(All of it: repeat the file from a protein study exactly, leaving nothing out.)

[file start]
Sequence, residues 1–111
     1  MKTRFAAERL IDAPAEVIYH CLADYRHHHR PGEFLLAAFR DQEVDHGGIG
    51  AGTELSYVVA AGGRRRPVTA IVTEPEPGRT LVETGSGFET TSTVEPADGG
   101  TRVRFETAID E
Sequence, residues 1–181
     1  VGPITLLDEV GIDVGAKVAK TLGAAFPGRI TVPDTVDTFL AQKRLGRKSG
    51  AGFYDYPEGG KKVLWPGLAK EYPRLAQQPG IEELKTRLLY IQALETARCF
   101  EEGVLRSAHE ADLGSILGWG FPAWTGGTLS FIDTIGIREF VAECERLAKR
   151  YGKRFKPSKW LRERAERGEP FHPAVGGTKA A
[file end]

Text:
Sequence, residues 1–111
     1  MKTRFAAERL IDAPAEVIYH CLADYRHHHR PGEFLLAAFR DQEVDHGGIG
    51  AGTELSYVVA AGGRRRPVTA IVTEPEPGRT LVETGSGFET TSTVEPADGG
   101  TRVRFETAID E
Sequence, residues 1–181
     1  VGPITLLDEV GIDVGAKVAK TLGAAFPGRI TVPDTVDTFL AQKRLGRKSG
    51  AGFYDYPEGG KKVLWPGLAK EYPRLAQQPG IEELKTRLLY IQALETARCF
   101  EEGVLRSAHE ADLGSILGWG FPAWTGGTLS FIDTIGIREF VAECERLAKR
   151  YGKRFKPSKW LRERAERGEP FHPAVGGTKA A